with a service they have received. But it is worth bearing
in mind that as opposed to speaking up, some customers may
visit you once, have a bad experience and never return. It
is therefore in your best interests to ensure you have staff
that listen well to their customers and give them what they
want or advise in the best possible way.
Working time and time off
A good business will have measures in place to deal effectively
with staff absences and sickness. There should be ways in
place that enable you to measure the levels and try to identify
reasons that contribute towards absence. Absences that are
not planned for can affect motivation and productivity, and
most importantly, profitability. Look into how you can implement
procedures to hopefully control absence levels within your
business, as well as how it can be managed as a disciplinary
As a business you should be aware of how much time off work
an employee is legally entitled to. There are lots of different
arrangements that need to be made for full-time staff and
part-time staff, whether the leave is statutory or discretionary
and whether it is paid or unpaid. Different legislation applies
to young people still at school and to those who are undergoing
training for their jobs or being made redundant. There are
parental commitments that people have and also emergencies
that arise, as well as public duties that must be served.
You should make sure that you are in line with the law regarding
these issues. There are regulations in place about working
hours in a week and break entitlements. This includes how
many hours can be worked legally without a break and how many
hours are legal to be worked in any working week. It is explained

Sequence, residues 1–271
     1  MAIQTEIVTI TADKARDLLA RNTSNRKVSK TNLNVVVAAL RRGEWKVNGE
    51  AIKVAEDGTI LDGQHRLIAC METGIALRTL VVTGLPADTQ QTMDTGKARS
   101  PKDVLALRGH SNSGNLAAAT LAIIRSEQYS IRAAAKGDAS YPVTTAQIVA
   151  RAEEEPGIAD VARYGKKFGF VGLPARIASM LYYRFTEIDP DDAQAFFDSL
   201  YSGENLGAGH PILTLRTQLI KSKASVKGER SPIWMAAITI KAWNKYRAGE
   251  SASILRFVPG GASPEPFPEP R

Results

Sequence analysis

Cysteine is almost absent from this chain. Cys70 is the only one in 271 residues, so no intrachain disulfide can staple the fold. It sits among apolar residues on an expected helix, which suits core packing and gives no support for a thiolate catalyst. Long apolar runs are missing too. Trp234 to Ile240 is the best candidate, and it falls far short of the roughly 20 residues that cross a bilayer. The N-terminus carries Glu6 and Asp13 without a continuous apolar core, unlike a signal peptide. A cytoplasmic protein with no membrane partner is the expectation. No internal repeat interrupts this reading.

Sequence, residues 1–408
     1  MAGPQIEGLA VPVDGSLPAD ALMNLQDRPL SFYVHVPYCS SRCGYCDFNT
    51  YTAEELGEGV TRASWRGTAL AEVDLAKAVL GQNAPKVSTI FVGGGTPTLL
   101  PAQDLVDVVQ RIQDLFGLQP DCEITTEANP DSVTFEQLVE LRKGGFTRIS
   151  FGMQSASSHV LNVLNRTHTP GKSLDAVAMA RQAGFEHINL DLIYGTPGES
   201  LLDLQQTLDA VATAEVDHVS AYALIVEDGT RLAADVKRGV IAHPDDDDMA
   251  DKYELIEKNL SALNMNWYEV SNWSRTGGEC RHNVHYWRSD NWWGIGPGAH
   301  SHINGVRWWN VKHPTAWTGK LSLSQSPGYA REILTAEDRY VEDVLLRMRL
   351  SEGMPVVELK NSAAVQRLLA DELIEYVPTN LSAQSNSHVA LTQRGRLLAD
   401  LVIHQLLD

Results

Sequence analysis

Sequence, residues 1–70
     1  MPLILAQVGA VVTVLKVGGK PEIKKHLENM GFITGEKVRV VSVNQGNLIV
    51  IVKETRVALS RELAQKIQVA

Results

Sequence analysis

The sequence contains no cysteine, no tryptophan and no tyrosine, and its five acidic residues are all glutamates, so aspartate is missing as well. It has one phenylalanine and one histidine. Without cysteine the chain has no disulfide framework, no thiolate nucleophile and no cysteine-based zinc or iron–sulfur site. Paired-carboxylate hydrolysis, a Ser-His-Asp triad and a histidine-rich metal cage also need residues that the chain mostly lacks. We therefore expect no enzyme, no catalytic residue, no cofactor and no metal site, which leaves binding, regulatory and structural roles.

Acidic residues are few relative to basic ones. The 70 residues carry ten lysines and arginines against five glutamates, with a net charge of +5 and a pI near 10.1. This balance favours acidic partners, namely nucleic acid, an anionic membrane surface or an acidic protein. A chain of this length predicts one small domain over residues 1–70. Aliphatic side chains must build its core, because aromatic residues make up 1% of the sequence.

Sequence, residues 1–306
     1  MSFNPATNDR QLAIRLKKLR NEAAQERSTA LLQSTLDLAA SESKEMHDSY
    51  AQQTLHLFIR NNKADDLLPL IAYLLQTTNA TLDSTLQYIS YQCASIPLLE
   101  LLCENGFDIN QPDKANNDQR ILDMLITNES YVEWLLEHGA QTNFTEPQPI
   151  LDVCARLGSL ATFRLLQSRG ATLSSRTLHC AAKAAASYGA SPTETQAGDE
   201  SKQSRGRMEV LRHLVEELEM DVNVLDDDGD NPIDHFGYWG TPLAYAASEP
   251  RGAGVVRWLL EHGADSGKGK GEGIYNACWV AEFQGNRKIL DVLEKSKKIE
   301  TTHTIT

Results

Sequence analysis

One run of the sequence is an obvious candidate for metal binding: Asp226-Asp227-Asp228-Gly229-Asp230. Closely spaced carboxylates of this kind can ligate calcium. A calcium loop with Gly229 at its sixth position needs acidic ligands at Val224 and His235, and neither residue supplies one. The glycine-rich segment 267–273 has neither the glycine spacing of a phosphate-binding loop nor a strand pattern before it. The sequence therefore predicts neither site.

here how these rules may differ for younger workers and it
gives advice on how to manage your employee’s hours also.
Under the Working Time Regulations 1998, most workers are
entitled to annual leave or paid holidays. You should be aware
therefore of how much holiday you can give your staff.
When your employees are required to work overtime, it usually
demonstrates that your business is dealing with changes in
demand or with labour shortages. Employees must agree to work
overtime, and there are quite a few legal and management issues
that should be addressed. These include the existence of contracts,
health and safety issues and the alternatives to it.
Inevitably as a business you will at some point be faced with
an employee either having to take maternity or paternity leave.
There are numerous legal matters associated with this. It
is important to realise that as an employer who is supportive
towards this, you can reap many benefits which include retaining
experienced staff, increasing morale and reducing absenteeism
and increasing productivity as your employees will value you
as a good employer. The subject of adoption should also be
looked into and what your employee’s rights are if they decide
to adopt a child. You should seek advice of how to manage
expectant mothers at work
Flexible working can bring many benefits to a business, for
example, it can improve staff efficiency as they have more
free time to fit in other activities, therefore improving
their work-life balance. It may enable you to retain these
members of staff for longer, resulting in you being able to
offer a better service to your customers for more of the time.
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Skills and training
As an employer, it is important to understand that your staff